I’ve always pictured you there—
evergreen, canoe, lantern, braids
in your hair—reading books unafraid
of being alone, and you eventually
grow old in a cabin. The loon
with its melodic lullaby settles
and calms you to bed each night,
and the fireflies, numerous as the stars,
as hairs on your head, as the angels
in heaven lighting the path of longing
and memory. You want to see how
high we can go? Let’s ride horseback
on a forgotten trail in search of lighthouses.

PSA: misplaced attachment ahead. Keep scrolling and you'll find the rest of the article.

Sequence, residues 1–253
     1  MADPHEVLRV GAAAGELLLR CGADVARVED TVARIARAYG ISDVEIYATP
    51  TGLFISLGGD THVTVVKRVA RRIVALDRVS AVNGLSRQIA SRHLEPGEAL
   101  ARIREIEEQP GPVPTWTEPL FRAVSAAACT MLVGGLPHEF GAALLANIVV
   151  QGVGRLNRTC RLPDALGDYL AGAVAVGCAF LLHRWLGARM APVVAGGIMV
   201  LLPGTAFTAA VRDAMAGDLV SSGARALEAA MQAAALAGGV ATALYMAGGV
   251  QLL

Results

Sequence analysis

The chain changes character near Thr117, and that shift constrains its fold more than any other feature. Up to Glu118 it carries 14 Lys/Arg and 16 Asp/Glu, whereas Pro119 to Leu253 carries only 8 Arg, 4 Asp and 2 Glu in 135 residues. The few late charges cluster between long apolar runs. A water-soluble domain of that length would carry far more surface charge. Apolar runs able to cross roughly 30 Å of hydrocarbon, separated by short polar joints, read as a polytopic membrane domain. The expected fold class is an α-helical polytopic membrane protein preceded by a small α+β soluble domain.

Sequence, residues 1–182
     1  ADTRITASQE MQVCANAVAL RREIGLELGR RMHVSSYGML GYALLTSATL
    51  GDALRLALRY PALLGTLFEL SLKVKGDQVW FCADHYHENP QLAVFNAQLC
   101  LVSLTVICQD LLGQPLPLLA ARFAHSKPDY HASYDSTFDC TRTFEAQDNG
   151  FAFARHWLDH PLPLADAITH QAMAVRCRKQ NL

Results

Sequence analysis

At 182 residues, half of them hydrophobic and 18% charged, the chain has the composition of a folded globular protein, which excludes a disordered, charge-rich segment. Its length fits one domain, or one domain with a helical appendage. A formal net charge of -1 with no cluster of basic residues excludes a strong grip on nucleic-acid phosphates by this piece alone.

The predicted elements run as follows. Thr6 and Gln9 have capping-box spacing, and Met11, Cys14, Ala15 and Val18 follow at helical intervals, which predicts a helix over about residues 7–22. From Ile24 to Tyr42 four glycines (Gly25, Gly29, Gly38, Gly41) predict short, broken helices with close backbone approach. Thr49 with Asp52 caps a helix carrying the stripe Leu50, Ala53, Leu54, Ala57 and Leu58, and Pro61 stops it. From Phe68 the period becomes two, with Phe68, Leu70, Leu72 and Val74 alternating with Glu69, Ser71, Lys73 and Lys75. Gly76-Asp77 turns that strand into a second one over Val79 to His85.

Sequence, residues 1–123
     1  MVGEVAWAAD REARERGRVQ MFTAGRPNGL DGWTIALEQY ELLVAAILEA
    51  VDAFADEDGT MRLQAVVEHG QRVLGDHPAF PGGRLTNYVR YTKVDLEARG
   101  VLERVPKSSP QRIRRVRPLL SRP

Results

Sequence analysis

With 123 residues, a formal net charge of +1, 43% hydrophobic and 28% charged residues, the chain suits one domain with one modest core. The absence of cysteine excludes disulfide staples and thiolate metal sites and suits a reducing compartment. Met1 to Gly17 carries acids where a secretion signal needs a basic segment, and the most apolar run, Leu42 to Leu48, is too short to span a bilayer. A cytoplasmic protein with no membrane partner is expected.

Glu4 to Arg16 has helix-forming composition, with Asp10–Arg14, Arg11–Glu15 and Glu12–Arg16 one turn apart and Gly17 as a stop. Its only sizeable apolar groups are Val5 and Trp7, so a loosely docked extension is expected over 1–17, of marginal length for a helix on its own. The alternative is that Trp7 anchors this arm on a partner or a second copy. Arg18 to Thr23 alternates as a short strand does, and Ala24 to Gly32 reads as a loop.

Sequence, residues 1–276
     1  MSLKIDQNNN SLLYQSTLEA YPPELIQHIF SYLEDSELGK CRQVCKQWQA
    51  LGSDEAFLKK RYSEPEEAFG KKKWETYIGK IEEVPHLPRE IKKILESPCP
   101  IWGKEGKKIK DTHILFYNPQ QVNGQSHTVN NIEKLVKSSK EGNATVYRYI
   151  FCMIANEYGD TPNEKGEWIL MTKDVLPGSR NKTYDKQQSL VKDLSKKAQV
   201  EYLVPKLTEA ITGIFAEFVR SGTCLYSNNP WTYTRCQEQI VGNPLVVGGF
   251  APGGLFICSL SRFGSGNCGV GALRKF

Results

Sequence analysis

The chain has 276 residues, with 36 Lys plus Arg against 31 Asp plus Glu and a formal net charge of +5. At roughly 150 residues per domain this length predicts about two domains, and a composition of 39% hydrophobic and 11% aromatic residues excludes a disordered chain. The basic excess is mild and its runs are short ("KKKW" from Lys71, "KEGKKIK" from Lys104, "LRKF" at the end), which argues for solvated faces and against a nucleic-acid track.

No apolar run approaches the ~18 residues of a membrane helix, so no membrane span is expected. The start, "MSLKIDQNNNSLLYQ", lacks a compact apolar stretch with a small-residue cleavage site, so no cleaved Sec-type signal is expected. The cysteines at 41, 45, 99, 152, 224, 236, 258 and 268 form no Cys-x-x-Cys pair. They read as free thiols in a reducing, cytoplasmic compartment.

Isn’t it too late to say no? You said
to never meddle in the affairs of land
or sea, and then snuck up the rocky coast—
even let the horse go—for moths gave
you flight to the top of the tower.
What rewards have you reaped now
that you’ve hunkered down in
that abandoned lighthouse? I’ve always
pictured you there—alone weaving
baskets you plan to fill with plums.
Like the rest of the world, I’m doomed
to envy the lighthouse with its private
keeper’s quarters and beacon flashing the waves.
Cat Dixon is a Pushcart Prize and Best of the Net nominee. She is the author of Eva and Too Heavy to Carry (Stephen F. Austin University Press, 2016, 2014) and the chapbook, Table for Two (Poet’s Haven, 2019). Recent work published in Sledgehammer Lit and Whale Road Review. She is a poetry editor at The Good Life Review.